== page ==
Gautavik - a trading site in Iceland re-examined

  • Natascha Mehler
  • Guðmundur Ólafsson
  • Bart Holterman
  • Joris Coolen
  • Ragnar Edvardsson
  • Torbjörn Brorsson
Keywords: Gautavik, trade, harbour, Bremen, Hamburg, ceramics, train oil

Abstract

Gautavík is a well-known archaeological site on the east coast of Iceland. It was partially excavated in 1979 and interpreted as a seasonal occupied trading site, abandoned shortly after c. 1500. However, recent archaeological research on the  excavated ceramics, which hitherto had not been studied in detail, raised doubts about the interpretation regarding the dating and function of the site. New research was then initiated that included an investigation of written documents in the archives of Bremen, Hamburg, and Copenhagen, pertaining to the trade with Iceland during the sixteenth century. On the basis of the new results presented here we now interpret Gautavík to have been a trading harbour that also included a farm, at least periodically, occupied from the late twelfth century, at the latest, until shortly before 1600. Gautavík was a place of supra-regional importance, being the main port of entry in Berufjörður during the medieval period. In the sixteenth century, however, Gautavík lost its importance. This was a period of intensive trade of German merchants with Iceland, and after Bremen and Hamburg merchants established Djúpivogur and Fýluvogur at the entrance of the fjord c. 1570, both gradually superseded Gautavík, such that shortly before 1600 trade was no longer conducted there.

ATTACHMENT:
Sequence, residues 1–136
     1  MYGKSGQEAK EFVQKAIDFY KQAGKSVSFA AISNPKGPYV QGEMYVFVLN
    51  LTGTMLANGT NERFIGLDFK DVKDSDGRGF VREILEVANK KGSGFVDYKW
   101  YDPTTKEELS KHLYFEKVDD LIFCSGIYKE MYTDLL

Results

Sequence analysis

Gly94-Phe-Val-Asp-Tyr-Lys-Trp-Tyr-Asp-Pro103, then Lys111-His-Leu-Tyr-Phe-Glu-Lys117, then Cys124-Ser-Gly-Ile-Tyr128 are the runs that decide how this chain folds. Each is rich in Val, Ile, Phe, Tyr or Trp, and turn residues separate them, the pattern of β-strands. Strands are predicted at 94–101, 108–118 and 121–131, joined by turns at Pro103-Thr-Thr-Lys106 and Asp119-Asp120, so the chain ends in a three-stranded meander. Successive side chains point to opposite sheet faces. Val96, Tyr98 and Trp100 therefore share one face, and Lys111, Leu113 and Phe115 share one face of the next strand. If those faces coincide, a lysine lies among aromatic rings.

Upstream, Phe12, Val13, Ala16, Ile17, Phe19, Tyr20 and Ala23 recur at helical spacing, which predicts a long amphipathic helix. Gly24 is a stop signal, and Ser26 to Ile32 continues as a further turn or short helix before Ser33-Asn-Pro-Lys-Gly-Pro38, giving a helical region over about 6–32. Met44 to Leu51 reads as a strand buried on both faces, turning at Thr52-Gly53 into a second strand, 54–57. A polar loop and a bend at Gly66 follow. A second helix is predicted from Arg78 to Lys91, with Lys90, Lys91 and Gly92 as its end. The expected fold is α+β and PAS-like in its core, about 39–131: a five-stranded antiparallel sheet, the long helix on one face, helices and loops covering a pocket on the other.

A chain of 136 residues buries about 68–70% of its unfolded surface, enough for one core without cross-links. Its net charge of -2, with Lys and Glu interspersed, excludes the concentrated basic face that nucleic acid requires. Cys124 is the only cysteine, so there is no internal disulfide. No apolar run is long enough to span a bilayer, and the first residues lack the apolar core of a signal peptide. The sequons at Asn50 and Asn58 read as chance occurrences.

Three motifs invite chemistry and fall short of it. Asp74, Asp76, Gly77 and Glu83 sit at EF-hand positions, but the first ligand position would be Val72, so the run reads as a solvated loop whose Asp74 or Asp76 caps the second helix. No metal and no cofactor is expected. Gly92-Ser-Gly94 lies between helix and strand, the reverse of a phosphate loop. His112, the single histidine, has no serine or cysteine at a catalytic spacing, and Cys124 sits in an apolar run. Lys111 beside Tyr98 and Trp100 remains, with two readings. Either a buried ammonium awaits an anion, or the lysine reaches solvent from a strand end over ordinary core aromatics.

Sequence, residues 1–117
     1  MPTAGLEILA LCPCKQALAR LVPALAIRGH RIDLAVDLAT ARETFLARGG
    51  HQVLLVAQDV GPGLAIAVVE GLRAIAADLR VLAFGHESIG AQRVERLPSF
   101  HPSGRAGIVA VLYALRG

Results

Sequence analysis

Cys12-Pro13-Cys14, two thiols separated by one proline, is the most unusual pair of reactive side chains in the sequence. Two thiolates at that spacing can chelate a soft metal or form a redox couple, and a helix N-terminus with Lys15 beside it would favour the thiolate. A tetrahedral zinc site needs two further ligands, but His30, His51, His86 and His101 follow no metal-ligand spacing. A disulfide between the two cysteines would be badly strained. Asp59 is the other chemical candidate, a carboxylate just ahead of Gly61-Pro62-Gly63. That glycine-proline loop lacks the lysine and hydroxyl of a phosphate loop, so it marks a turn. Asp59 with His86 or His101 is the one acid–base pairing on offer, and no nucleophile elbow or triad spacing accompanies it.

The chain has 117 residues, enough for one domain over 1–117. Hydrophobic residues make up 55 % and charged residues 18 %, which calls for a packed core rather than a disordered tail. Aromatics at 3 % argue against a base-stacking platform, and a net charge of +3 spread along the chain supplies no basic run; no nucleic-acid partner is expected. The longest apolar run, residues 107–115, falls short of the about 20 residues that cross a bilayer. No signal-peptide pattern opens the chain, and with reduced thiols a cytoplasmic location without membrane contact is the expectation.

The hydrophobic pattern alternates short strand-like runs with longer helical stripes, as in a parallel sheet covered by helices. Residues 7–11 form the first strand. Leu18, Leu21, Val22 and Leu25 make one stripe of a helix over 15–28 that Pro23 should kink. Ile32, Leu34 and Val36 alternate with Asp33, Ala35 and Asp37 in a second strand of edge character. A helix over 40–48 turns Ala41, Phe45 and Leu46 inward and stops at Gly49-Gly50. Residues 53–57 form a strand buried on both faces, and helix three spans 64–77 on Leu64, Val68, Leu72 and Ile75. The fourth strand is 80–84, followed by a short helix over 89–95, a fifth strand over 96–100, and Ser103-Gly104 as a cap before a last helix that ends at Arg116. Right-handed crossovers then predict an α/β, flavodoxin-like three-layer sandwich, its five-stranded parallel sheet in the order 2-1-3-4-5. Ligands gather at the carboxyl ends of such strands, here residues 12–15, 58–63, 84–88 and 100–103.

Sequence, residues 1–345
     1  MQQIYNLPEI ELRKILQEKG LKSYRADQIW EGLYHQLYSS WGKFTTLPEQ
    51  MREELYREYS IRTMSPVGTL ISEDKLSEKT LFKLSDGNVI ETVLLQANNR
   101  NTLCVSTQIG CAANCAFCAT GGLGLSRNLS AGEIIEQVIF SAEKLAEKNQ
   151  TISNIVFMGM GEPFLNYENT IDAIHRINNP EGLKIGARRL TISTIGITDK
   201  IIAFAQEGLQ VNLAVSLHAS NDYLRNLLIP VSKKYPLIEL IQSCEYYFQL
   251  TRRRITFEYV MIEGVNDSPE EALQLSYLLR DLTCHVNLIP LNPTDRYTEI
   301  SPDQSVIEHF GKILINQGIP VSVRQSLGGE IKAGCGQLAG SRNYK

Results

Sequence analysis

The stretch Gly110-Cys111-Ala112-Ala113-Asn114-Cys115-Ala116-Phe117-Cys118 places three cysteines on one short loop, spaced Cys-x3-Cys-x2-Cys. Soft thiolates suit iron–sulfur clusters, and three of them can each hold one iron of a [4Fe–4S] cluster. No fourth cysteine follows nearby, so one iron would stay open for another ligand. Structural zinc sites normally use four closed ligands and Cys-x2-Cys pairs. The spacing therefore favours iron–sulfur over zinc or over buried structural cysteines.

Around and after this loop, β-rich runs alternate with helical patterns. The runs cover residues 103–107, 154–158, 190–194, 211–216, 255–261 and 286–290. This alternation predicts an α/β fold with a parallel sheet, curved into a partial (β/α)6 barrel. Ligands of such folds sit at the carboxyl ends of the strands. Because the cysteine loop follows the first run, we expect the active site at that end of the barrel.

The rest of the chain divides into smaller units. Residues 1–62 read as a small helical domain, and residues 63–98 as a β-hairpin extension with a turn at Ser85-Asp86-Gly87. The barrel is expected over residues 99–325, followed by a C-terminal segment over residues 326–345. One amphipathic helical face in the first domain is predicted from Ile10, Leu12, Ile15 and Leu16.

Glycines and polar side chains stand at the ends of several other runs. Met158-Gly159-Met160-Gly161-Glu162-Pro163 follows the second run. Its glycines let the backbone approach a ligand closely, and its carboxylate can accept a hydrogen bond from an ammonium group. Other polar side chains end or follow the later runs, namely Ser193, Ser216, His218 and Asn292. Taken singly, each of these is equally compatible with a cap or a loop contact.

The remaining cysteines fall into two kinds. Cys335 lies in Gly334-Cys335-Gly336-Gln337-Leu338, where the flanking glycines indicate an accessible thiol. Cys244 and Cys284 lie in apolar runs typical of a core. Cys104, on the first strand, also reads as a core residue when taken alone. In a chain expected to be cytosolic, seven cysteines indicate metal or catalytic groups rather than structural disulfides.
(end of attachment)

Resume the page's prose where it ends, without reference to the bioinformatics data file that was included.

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Published
2020-01-06
How to Cite
Mehler, N., Ólafsson, G., Holterman, B., Coolen, J., Edvardsson, R., & Brorsson, T. (2020). Gautavik - a trading site in Iceland re-examined. AmS-Skrifter, (27), 259-275. https://doi.org/10.31265/ams-skrifter.v0i27.278
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